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Swedish dinners: Moose sirloin/Skomakarlåda

Swedish dinners: Moose sirloin/Skomakarlåda
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  • Swedish dinners: Moose sirloin/Skomakarlåda

    Post #1 - October 6th, 2007, 3:56 am
    Post #1 - October 6th, 2007, 3:56 am Post #1 - October 6th, 2007, 3:56 am
    My initial plan was to take some photos of a traditional Swedish dish known as "Skomakarlåda" (literally, "cobblar's box"). It's a dish of pan-fried steak served with bacon and mashed potatoes.

    Well, wait...

    My INITIAL plan was to be in the Chicago/Central Illinois right now. However, our one year-old came down with the chicken pox about 3 days before our flight. So, some last minute cancellations and rebookings have moved that adventure forward a week. In the meantime...

    I made my way to the market and saw that the season's first moose had been delivered. When I saw the beautiful Swedish chanterelles, I knew that some improvisation was in order. "Improvisation" is, however, a little too kind as all I did was switch the normal beef sirloin/strip for a moose one and add some chanterelles and a vegetable.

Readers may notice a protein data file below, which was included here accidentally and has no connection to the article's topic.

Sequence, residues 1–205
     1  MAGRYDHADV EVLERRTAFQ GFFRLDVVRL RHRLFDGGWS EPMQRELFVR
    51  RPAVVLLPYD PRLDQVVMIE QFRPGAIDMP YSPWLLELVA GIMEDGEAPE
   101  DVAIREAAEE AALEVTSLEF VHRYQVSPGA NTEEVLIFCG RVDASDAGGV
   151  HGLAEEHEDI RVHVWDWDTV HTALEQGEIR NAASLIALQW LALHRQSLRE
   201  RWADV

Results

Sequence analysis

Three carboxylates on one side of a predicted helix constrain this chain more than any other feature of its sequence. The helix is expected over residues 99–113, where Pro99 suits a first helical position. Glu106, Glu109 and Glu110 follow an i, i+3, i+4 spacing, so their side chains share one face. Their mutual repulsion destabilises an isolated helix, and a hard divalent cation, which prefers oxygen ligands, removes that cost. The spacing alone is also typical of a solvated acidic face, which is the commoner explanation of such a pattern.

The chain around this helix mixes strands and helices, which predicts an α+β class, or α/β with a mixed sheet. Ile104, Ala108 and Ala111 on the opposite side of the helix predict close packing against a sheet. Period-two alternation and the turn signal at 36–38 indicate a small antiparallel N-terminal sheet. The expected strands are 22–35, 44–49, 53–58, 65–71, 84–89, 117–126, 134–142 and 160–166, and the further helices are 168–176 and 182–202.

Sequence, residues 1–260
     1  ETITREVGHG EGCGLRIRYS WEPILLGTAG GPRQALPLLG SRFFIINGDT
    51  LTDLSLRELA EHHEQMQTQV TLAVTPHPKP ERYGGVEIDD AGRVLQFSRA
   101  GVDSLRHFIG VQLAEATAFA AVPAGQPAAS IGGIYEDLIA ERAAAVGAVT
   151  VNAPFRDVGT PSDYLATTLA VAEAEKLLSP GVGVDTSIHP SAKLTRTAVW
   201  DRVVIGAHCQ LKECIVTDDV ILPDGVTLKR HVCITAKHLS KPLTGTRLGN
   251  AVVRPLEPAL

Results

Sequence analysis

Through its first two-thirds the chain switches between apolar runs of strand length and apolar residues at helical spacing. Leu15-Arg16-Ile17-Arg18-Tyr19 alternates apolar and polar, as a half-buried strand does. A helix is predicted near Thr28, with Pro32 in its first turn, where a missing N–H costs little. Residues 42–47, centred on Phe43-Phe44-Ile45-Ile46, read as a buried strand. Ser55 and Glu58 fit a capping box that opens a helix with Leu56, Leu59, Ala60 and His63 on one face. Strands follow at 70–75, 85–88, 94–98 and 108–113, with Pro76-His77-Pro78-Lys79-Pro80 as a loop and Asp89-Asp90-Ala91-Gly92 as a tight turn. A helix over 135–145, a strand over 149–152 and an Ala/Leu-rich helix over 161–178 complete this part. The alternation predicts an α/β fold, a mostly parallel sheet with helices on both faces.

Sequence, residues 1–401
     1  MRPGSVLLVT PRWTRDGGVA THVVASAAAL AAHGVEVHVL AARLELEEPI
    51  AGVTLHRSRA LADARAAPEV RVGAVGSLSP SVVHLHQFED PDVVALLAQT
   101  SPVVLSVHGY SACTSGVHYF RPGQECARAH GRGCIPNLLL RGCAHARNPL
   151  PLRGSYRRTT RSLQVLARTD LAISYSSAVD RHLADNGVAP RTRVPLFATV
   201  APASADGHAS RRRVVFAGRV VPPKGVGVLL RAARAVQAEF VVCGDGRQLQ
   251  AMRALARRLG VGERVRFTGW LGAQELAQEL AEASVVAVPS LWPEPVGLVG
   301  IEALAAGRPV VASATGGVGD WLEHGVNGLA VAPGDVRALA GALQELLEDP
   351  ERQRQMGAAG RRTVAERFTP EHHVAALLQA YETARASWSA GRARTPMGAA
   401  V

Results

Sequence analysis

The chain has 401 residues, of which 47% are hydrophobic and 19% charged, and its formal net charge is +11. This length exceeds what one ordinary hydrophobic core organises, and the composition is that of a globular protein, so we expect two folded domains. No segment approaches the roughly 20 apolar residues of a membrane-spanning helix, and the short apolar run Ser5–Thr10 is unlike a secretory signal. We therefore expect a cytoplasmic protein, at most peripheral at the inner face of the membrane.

The ingredients:

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    A few discs of flavored butter (a few tbls butter, chopped parsley, a splash of Worchestire sauce, salt, pepper and a few drops of lemon juice), chanterelles, one (optional) dill pickle, nutmeg, chives, the season's last green beans, one moose sirloin, a chunk of good-quality slab bacon, potatoes (King Edward are perfect), cream, milk and butter. I also ended up mincing a shallot for the beans later on...

    Start by boiling the potatoes for mashed potatoes. King Edward potatoes are very floury so leave the skins on while boiling so they don't fall apart. When done, rice the potatoes and add a few tbls butter, 1/2 cup cream salt, peppar, the finely chopped chives and a decent grating of nutmeg.

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    Whisk and add milk to form a slightly runny/soft mash. Keep warm.

    Next, saute the chanterelles in butter and at a pretty high heat. When browned, lower the heat to keep warm.